Gleaming chrome, custom paint jobs, finely tuned engines… add in hundreds of bikers and a city that gave them its back gardens to camp in, and you’ve got the makings of a seriously good weekend…
Welcome to the Roaring Meg Custom Bike Show in , Northern Ireland where the hospitality was warm, the competition was fierce, and the machines were truly beautiful.
Roaring Meg has always been a firm favourite among bikers in Ireland, the UK and across Europe. The summer months might be full of rallies and runs, but this annual Derry-Londonderry event served up something a bit different – a bike show that’s open to the public, that was a great day out for families, and that gave dedicated bikers and enthusiasts a chance to share stories, swap tips and – best of all – show off their pride and joy.
And then there were the competitions… best paint job, best custom, best engineering, best street fighter.
Roaring into life
Roaring Meg has been on the go for five years now, ever since two Derry-Londonderry bikers had the bright idea of organising a large-scale bike show on their city’s historic Walls. With the support of the city’s motorcycle clubs and the event-running expertise of the Gasyard Wall Féile group, the show has become an essential date in the biking calendar.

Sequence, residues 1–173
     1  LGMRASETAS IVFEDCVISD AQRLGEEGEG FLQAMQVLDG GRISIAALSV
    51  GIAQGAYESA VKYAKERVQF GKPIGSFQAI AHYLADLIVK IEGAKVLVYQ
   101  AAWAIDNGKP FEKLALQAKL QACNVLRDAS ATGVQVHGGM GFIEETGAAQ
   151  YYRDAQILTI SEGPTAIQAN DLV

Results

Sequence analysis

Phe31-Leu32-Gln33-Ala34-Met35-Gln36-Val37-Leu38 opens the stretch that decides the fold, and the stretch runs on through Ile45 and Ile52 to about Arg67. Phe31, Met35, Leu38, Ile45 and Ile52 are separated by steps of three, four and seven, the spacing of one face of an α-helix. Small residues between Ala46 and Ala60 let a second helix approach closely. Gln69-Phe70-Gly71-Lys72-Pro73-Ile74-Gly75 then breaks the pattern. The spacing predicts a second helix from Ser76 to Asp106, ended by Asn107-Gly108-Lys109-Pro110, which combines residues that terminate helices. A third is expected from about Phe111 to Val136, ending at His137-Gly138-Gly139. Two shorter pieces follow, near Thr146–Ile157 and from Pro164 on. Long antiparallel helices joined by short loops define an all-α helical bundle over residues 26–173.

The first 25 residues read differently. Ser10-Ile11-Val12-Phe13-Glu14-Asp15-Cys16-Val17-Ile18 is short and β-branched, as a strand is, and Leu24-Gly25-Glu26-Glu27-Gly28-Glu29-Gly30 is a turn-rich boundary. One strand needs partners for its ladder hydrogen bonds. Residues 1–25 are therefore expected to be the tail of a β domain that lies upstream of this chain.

What’s in a name?
If you were wondering where the name came from, Roaring Meg is Derry-Londonderry’s most famous cannon, used during the Siege of Derry in the 17th century. She got her name from the ferocious sound she made in battle, which was said to have been more terrifying to the enemy than the contents of her charge.
Oh, and it’s also the name of the rock band that entertained the crowds over the weekend.
The biker culture
Roaring Meg was a great way for bikers to showcase their motors, but it was an even better opportunity to get a glimpse behind some of the clichés of biker culture.
It’s not all leathers and tattoos (although there are plenty of those). This is a rich culture, with its own rules, traditions, eccentricities and an unexpected dedication to raising money for charity. Locals sponsor prizes for the show, and money raised by the event goes to a carefully chosen charity each year.
“When people think of culture in our city,” says Ami McBride, one of the show’s co-ordinators at Gasyard Wall Féile, “they imagine arts, religion, politics, ethnicity… but Roaring Meg is a separate culture altogether; the bike culture is one of openness, togetherness, fundraising and helping communities.”
Go on, get your motor running. The Walled City needs to be filled again next year. You coming?